- By this it would appear that the parties were under
apprehensions that suicide might have been committed, which we think could scarcely have been conceived, considefi* ing her volatile disposition. Page:Adventures of Rachel Cunningham.djvu/13 Page:Adventures of Rachel Cunningham.djvu/14 Page:Adventures of Rachel Cunningham.djvu/15 Page:Adventures of Rachel Cunningham.djvu/16 Page:Adventures of Rachel Cunningham.djvu/17 Page:Adventures of Rachel Cunningham.djvu/18 Page:Adventures of Rachel Cunningham.djvu/19 Page:Adventures of Rachel Cunningham.djvu/20 Page:Adventures of Rachel Cunningham.djvu/21 Page:Adventures of Rachel Cunningham.djvu/22 Page:Adventures of Rachel Cunningham.djvu/23 Page:Adventures of Rachel Cunningham.djvu/24 Page:Adventures of Rachel Cunningham.djvu/25 Page:Adventures of Rachel Cunningham.djvu/26 Page:Adventures of Rachel Cunningham.djvu/27 Page:Adventures of Rachel Cunningham.djvu/28 Page:Adventures of Rachel Cunningham.djvu/29 Page:Adventures of Rachel Cunningham.djvu/30 Page:Adventures of Rachel Cunningham.djvu/31 Page:Adventures of Rachel Cunningham.djvu/32 Page:Adventures of Rachel Cunningham.djvu/33 Page:Adventures of Rachel Cunningham.djvu/34 Page:Adventures of Rachel Cunningham.djvu/35 r RACHEt CUNNINGHAM. 3p jltogeiher, without a trace-step of the route they had taken being known. On the following day a Proclamation was issued by ihe Wernor, offering a large reward for their apprehension. They had crossed the country in various directions, and by bye-roads had successfully eluded pursuit, although par- ties in active chase were dispatched, and pressing forward through all parts to gain a scent, if possible, of the course they might have chosen, till however, at length their luck forsook them. They had passed the night at a tavern, the keeper, or landlord of which, happened also to be a post. master, rhey regaled themselves and enjoyed their supper and wine there, in seeminirly high spirits and jollity; yet mine hoai, for some cause or other conceived, that he discovered a some- thing sinzularly sirange in their manners. They retired to bed, l>r<'aklasied there the next morning, paid iheir bill, and departed, the mail arrived at the tavern with Governor Kent's Proclamation, describing the person of Van Swear- ingen and that of his paramour and accomplice in the murder of his wile. Suspicion was at once directed towards them, and the |K>st-raaster, collecting a few neii;hliours, set oH in- stantly ill pursuit and overlook them near the red-river, in Kentucky County. On being approached and ordered to surrender, he (the Sheriff.) drew and discharged a brace of pistols at the party, as also, the same did Rachel, swearing vehemently at rhe lime, that she would not be taken alive, and defending her.self in desperate resistance with the bull- ends of her pistols lo the very last eilremily against their n.ssailanls, till at length quite exhausted and overpowered by numbers only, or she. Rachel, would not have yielded, they were both taken, secured, and brought back prisoners to Alleghany County, to await the decree of justice and punish- ment of the law by and in exr>iation of their hideous offences and horrible crimes of matchless atrocity under the hands of the comrntm executioner. Her conduct, while on trial, was most vehemently out- rageous after sentence, in jail her imprecations and threats of vengeance to all around her were truly terrific .' and al her last moment, when there were not more than three breathings betweixt her and eternity, while she exclaimed, "By Go-! I'll suffer no injury without resenting it!", she struck her forehead with such violence, in teh effort, upon the face of the executioner, then near hers, that it actually blackened both his eyes, and brought a copious purple stream from his nasal organ; on the sight of which she burst into a fit of loud-laughing extacy, in the midst of which, death closed her life of infamy for ever.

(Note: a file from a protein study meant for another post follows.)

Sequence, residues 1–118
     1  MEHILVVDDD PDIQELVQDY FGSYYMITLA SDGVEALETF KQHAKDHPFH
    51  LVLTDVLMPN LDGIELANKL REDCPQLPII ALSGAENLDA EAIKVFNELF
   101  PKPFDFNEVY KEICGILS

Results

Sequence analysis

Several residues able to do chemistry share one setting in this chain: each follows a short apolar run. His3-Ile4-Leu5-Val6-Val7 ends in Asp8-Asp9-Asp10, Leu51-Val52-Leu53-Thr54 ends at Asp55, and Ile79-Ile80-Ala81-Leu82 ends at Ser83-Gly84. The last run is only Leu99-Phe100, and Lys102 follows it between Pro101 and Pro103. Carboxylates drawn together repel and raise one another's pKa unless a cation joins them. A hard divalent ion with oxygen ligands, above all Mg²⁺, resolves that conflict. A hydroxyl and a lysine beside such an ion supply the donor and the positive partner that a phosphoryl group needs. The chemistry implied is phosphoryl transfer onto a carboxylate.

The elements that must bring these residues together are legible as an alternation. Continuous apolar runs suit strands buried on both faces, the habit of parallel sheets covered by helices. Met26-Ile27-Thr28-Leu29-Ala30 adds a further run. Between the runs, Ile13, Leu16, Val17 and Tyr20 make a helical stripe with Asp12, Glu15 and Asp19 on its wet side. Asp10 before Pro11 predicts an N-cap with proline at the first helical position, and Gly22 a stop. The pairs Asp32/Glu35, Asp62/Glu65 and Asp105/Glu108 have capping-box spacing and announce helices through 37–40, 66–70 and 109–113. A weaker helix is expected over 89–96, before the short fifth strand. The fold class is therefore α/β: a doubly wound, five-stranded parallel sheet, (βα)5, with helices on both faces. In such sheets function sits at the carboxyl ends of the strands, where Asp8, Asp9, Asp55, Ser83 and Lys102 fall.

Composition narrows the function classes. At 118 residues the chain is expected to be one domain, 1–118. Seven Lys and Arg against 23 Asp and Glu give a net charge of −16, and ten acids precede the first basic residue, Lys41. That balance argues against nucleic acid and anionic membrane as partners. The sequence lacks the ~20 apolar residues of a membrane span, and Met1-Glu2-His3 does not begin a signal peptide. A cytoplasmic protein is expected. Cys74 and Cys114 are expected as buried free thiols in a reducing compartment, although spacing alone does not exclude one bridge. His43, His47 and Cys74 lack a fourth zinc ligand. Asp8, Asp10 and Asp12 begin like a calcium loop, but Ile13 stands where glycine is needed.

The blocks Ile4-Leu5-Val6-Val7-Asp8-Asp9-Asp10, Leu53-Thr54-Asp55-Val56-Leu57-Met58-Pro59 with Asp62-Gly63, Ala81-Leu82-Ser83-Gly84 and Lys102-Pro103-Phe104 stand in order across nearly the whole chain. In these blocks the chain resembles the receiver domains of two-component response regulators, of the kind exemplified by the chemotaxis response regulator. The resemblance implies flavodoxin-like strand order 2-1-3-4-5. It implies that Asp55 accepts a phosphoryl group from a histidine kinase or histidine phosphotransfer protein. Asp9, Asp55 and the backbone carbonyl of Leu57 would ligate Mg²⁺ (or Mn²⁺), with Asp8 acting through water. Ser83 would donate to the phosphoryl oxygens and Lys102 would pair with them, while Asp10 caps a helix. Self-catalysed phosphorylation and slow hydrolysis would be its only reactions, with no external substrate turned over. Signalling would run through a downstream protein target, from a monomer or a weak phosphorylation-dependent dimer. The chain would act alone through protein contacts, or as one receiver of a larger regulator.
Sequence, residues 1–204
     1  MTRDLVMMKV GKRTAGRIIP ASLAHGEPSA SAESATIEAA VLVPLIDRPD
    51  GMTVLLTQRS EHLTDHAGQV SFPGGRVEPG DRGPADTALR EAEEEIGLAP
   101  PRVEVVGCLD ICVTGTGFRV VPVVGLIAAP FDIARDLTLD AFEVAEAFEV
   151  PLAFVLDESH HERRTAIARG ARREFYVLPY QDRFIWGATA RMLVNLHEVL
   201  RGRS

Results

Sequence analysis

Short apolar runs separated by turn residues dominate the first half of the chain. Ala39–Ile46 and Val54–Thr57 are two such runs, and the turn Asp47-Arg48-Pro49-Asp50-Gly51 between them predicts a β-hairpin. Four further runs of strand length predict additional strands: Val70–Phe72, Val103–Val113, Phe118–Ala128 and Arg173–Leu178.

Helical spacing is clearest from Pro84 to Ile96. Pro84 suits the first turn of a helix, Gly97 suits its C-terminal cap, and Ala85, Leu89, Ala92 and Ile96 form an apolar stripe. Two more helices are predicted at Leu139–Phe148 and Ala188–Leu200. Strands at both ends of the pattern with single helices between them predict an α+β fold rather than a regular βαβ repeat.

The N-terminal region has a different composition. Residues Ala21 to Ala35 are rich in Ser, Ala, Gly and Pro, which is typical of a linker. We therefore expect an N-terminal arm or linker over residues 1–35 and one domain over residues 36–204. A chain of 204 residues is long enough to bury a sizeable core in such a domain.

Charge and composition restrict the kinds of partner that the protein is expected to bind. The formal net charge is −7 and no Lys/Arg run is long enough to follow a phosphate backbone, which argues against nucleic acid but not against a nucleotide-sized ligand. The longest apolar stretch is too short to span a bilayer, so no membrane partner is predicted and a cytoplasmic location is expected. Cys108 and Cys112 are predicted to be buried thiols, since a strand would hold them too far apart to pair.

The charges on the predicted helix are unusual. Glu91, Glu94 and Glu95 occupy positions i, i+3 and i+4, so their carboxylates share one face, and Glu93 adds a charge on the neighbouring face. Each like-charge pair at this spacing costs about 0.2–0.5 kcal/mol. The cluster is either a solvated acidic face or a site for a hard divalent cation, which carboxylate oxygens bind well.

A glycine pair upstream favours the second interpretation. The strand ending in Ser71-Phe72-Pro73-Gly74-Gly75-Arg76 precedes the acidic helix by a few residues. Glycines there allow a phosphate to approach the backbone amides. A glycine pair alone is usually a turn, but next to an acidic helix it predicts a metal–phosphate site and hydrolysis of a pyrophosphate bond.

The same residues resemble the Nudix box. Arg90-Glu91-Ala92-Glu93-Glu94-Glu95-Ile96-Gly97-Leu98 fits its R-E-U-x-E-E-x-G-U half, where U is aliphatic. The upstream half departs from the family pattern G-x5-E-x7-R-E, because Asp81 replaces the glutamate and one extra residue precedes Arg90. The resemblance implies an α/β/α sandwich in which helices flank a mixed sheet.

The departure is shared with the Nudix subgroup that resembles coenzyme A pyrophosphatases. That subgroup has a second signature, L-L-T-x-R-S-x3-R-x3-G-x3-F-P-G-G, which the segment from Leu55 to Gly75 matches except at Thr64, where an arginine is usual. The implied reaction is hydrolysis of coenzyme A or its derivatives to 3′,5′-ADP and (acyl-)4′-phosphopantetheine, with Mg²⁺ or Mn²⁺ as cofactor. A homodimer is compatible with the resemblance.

- It is said, that it was with the utmost astonishment observed, when she was made acquainted with the melancholy event, she did not betray even the slightest emotion or trifling symptom indicative of filial affection having existence in her bosom; but turned from the tale of grief to her usual common amusement, as destitute of every natural feeling and wholly regardless of what had happened.
This work was published before January 1, 1923, and is in the public domain worldwide because the author died at least 100 years ago.